The ladies are looking like they just stepped out of a Martha Stewart Backyard Chicken book.
OK, I slight exaggeration - some of them are still molting - but the majority of them are filled out in feathers and plumpness. My flock is doing great and they look like the chickens you see in the how-to books on backyard chickens. On chill evenings, I see them shaking their feathers up, like a dog shaking off after a dip in the pond. I want to think this is because they are aware of their beauty and not just flapping their feathers to keep heat against their skin.
I am quite proud of them, and they have been laying more eggs since the weather has warmed up, which is another plus. We have had a great spell of warm daytime weather so I have been leaving the coop door open. But I make sure to close it up on chill nights, when there is snow, a wind chill or unfavorable conditions in general. They are stuck in he coop on those cold days, but they don't seem to mind.
I have been using my spare time to clean up the coop lately and I put a fresh layer of straw down on the deep bedding inside and some more fresh straw on the ground in their outdoor run. This not only gives them hours of digging and pecking entertainment, it also keeps the mud down in the run which means cleaner eggs. The coop will need to be completely cleaned out pretty soon since it is starting to get quite "ripe" in there and I don't want to let it go too much longer. The deep bedding is providing warmth and insulation but with the weather starting to turn towards spring, it is time to clean things up.
We have had a mild winter here for the most part so I did not have one incident of frostbite due to wind chill. The coop temperature never fell below freezing - the lowest it got was about 38 degrees.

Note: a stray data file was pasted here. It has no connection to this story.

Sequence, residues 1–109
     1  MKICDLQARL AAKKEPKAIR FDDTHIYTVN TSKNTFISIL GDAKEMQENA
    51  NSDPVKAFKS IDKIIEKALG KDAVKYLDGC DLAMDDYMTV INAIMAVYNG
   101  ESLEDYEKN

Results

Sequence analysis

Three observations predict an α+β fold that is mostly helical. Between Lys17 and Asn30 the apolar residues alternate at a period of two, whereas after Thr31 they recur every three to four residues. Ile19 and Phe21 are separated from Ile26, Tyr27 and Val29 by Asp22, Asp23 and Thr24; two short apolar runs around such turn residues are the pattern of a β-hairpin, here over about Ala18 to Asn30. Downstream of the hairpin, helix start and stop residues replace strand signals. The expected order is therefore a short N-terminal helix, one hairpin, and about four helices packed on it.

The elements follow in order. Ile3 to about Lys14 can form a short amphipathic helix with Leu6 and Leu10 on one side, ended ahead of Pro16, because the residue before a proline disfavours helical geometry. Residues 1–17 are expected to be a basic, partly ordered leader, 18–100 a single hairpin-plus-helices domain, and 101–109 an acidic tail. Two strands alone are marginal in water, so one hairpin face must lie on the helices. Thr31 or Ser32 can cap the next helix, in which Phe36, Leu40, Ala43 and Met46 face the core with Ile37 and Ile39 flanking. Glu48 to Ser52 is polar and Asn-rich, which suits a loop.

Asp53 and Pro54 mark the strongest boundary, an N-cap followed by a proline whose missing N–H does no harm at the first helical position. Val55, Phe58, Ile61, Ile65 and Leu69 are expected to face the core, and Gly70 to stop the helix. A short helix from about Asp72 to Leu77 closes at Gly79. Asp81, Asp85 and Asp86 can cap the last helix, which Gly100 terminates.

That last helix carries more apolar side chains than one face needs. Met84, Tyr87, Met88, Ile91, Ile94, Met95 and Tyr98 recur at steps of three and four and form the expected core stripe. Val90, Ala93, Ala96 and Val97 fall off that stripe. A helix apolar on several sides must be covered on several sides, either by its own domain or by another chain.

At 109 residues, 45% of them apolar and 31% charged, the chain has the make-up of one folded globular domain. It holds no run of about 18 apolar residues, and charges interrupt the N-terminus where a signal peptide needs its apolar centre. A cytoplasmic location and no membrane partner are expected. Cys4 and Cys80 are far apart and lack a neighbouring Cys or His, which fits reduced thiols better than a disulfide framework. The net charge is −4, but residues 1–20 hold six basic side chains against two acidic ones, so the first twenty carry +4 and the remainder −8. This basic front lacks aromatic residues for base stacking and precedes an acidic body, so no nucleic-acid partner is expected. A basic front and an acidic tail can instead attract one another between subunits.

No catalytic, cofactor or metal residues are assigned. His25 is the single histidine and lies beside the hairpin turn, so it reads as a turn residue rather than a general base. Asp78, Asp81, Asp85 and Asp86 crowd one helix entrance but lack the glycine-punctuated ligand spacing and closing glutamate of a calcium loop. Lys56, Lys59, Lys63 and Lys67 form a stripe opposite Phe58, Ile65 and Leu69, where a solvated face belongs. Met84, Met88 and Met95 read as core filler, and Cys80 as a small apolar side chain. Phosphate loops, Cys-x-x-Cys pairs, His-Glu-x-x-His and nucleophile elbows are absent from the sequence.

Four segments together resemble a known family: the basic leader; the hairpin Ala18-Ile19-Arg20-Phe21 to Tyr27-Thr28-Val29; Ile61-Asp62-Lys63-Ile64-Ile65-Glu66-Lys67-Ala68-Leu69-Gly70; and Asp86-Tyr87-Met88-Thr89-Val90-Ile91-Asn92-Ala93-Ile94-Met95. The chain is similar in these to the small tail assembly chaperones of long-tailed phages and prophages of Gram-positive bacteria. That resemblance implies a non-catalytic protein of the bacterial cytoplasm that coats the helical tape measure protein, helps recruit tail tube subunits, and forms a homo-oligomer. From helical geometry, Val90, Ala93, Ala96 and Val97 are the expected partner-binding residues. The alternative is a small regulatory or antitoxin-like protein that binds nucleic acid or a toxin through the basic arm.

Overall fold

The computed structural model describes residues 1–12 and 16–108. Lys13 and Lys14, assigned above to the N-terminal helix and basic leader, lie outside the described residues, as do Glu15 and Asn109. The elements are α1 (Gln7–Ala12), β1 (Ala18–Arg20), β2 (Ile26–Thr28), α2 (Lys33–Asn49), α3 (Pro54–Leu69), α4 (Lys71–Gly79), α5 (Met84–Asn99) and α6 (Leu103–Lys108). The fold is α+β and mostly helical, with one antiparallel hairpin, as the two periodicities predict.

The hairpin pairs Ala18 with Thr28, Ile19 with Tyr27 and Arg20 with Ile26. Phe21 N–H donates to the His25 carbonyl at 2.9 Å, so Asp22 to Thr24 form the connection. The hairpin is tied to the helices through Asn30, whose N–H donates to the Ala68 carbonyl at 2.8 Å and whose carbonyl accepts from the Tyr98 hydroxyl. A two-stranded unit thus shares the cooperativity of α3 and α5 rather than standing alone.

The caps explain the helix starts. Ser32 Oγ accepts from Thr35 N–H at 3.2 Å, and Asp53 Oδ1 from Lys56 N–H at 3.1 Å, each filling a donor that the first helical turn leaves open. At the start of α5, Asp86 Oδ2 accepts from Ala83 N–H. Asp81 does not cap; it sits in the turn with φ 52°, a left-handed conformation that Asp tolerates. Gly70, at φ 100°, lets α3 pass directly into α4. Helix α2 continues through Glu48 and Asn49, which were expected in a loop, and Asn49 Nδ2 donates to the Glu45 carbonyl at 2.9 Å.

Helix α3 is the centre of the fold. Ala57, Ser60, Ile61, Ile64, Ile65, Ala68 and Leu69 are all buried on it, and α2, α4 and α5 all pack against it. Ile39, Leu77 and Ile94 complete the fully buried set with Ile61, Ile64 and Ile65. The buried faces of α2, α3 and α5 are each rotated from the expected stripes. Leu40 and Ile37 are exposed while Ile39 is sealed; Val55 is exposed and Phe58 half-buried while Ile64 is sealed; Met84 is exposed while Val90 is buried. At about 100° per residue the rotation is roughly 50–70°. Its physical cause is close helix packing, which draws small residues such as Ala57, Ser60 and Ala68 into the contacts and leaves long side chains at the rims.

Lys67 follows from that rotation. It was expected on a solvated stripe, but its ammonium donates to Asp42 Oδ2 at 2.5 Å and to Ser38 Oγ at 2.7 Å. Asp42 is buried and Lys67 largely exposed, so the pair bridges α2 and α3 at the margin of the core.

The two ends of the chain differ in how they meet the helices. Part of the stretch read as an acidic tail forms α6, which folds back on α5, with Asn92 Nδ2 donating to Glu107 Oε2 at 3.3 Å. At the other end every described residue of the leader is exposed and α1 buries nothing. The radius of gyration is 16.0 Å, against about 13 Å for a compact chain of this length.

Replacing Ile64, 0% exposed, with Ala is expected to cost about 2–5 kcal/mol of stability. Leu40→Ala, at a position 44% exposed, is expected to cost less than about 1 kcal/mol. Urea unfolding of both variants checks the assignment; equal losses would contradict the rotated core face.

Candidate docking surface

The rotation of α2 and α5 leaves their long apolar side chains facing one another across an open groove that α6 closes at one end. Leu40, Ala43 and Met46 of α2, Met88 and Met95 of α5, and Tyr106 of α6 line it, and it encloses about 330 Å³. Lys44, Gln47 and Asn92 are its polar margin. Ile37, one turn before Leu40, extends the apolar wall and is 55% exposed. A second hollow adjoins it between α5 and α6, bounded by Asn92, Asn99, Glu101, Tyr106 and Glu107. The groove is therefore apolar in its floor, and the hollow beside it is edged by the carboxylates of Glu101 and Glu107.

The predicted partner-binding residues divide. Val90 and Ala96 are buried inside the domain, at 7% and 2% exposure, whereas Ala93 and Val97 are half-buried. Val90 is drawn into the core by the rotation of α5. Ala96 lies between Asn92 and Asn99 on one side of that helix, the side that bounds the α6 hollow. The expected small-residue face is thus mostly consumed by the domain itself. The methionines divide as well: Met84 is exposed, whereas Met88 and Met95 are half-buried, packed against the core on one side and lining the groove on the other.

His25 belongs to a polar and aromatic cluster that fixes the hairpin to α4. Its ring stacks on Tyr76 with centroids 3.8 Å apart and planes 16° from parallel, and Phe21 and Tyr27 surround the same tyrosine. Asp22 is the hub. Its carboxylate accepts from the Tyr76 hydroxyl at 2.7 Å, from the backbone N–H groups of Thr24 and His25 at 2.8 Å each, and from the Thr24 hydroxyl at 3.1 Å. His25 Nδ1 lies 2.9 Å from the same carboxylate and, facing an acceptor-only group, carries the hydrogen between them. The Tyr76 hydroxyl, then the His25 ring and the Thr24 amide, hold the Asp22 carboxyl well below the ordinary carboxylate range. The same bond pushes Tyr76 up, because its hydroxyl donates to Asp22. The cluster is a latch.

I have combated the cabin fever by giving them various forms of entertainment such as flock blocks, extra scraps, cabbage or lettuce heads, apples and home made chicken bread. Things that take time to peck away at and that take a lot of effort seem to keep them happy, full and content. This means no fighting chickens and no pecking at each other.
I have so much crumble dust since I started using my system to filter it out, I decided to try using the dust in a shallow tub for dust bathing. In what may just amount to a glorified chicken litter box, this shallow container, about 2 feet in diameter and about 6 inches deep, seems to be working. They sit in it and wave their feathers around and all that, just like outside when it is dry and the ground is worked up a little.
Our second winter with chickens seeme to have gone by without incident and I am looking forward to a spring a summer filled with new challenges. Not only for egg production - these ladies will be chickens with a purpose. I plan on using them to clear the space for my new vegetable garden.
More on that project soon....